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Lyndon B. Johnson: Remarks to the Foreign Policy Conference for Business Executives.
Lyndon B. Johnson
519 - Remarks to the Foreign Policy Conference for Business Executives.
December 4, 1967
Public Papers of the Presidents
Lyndon B. Johnson<br>1967: Book II
Lyndon B. Johnson
1967: Book II

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FIRST I want to welcome you here and tell you how delighted I am that I can be with you. I want to thank each of you for your generosity. I have thought for some time that it was about time someone threw a benefit for Dean Rusk. This is one of the loveliest rooms to throw it in in all of Washington, even though the windows are barred.

When Dean Rusk first took his job as Secretary of State, I am told that he made one request. He wanted a room with a good view, so he was put up here on the seventh and eighth floors.

And he asked for one more thing. He wanted to have the windows sealed. "Why?" he was asked. "Simple," he said, "it is too far to jump and too high for the pickets to climb."

But Dean forgot all about the birds. They tell me they flock to his windowsill every single day. As everybody knows in this country, and most other countries, the Secretary of State is a very wonderfully kind, genre, understanding, and generous man. Every morning Mrs. Rusk gives him a little bag of bread crumbs to bring down to the office with him so he can feed these native birds through the day. The sparrows and the starlings seem very grateful and appreciative, but as you must have observed, there is just no pleasing the appetites of these doves and hawks. [Laughter]

Someone told me that there were some pickets outside while you were registering. I am getting to be an expert these days on pickets' signs myself. But I think there must have been a switch in some of those that were used yesterday. The way it was reported to me, one read "Unleash Rostow."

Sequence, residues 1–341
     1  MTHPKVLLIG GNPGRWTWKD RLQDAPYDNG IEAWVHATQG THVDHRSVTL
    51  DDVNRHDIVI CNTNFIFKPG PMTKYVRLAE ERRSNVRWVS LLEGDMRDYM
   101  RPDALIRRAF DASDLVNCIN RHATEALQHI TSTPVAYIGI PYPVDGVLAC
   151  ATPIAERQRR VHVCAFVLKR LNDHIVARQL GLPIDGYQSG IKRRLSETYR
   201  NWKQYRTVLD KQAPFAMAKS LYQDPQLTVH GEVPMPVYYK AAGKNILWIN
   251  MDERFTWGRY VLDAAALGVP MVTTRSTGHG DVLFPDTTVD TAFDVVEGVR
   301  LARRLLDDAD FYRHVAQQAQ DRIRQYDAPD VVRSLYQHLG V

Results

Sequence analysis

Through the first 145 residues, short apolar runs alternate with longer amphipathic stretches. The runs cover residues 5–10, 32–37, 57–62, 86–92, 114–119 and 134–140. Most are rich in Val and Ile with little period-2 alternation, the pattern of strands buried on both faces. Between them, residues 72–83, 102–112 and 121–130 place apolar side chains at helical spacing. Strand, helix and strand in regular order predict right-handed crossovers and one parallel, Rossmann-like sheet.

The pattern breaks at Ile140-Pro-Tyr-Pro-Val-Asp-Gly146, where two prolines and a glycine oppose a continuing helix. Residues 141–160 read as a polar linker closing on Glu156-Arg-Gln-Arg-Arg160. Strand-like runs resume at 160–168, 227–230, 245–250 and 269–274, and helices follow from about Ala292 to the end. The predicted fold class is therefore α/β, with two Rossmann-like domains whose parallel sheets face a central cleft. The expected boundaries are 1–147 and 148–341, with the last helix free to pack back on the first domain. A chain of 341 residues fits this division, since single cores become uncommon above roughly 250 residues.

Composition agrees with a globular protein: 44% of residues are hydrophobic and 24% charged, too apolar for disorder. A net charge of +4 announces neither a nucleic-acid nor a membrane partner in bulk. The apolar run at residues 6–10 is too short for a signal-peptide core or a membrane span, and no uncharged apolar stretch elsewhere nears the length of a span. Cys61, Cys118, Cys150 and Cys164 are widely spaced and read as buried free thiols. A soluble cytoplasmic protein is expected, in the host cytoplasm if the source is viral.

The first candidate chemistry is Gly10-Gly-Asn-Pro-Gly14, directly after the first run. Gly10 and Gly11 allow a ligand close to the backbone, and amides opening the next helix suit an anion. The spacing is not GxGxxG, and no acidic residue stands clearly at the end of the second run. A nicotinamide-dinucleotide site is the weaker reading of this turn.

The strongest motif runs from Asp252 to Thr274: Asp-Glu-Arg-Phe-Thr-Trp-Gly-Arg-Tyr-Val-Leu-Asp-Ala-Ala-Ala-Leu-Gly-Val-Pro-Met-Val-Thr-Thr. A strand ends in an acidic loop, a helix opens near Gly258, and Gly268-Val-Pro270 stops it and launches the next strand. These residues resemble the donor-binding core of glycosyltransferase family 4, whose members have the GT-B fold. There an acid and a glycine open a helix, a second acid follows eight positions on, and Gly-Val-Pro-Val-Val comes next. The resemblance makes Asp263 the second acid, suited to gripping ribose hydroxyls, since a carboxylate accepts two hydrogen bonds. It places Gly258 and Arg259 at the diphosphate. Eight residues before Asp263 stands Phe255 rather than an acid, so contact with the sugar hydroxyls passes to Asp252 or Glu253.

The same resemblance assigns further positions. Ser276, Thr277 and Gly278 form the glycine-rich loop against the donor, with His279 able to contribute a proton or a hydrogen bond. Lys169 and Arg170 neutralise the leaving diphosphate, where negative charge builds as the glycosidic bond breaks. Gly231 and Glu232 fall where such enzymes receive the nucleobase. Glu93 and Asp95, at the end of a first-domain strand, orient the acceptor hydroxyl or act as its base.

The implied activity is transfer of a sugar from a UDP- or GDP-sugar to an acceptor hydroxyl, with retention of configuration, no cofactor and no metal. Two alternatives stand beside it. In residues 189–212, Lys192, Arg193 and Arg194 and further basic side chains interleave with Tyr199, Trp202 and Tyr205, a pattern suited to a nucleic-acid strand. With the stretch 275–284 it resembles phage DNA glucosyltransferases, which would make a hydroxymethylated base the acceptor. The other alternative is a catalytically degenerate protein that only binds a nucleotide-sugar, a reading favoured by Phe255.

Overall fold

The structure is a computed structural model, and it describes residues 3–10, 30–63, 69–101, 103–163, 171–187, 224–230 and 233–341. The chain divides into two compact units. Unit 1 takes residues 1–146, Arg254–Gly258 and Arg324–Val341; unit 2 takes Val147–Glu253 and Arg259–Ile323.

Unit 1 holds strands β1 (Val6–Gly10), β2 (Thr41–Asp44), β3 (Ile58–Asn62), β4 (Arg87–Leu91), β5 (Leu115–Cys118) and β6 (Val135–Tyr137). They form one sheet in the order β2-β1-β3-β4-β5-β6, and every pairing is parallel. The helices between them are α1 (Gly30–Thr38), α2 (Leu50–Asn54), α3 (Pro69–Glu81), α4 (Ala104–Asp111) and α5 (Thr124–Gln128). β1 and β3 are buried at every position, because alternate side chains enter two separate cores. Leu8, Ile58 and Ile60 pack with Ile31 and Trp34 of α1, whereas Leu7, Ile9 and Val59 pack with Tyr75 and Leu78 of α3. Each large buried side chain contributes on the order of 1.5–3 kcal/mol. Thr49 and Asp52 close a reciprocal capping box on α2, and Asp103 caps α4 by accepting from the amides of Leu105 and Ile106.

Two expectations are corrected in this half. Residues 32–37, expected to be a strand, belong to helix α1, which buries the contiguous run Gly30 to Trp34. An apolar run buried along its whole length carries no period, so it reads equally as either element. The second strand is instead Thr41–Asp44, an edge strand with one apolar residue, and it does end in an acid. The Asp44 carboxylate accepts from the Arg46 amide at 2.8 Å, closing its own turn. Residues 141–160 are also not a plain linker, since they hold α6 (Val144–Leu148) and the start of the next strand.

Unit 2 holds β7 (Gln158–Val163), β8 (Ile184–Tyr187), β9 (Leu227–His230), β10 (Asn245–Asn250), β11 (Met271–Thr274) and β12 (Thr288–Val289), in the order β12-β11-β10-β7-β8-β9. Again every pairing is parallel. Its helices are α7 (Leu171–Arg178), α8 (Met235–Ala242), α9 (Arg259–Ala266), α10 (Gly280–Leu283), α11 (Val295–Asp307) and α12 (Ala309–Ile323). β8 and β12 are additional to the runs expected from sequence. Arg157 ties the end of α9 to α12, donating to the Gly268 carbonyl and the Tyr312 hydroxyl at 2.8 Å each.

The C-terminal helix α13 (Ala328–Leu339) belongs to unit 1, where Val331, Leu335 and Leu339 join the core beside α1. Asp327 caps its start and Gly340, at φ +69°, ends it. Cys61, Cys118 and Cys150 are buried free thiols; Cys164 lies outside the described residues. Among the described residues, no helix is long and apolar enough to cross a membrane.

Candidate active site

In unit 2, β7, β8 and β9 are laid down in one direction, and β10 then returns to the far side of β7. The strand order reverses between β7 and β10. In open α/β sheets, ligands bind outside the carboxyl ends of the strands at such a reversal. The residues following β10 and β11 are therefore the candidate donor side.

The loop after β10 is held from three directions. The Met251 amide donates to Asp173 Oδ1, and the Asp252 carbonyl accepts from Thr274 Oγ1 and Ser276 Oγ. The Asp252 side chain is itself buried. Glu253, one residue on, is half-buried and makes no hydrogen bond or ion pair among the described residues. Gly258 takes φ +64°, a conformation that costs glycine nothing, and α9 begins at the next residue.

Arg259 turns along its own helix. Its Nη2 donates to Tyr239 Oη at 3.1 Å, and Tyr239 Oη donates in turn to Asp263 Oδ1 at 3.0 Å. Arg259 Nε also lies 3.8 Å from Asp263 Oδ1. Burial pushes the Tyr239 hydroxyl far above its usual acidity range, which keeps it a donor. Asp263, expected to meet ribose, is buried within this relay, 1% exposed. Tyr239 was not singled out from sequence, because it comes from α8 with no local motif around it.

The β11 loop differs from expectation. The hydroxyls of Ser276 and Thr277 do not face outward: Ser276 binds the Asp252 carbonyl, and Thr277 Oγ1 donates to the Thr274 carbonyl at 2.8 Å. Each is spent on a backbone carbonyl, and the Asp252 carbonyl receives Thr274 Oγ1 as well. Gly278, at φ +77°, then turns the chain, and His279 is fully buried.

You may have noticed that a great deal of care went into the preparation for your briefings. One reason is that business is entitled to very great respect in this country of ours. Outside of government, it is really the only place left where a man can find a job. You may know that there are at least a few people who are out job hunting these days.

A publisher of a children's book on penguins recently sent copies to a group of youngsters to get their opinions. And one young lady replied: "This is a good book on penguins--but it told me more about penguins than I wish to know."

After looking around at some of these briefers, I am afraid that you have heard a lot more about foreign policy in your briefings than you would wish to know.

The threads of foreign policy extend throughout the fabric of our national life. You cannot find the significance of any one thread without seeing its relationship to the whole.

It is not always easy to keep that in mind in the echo of gunfire.

Today, as we meet here, America's eyes are concentrated on Vietnam. The minds of our people are centered on the hills and the rice paddies where our men are out there fighting.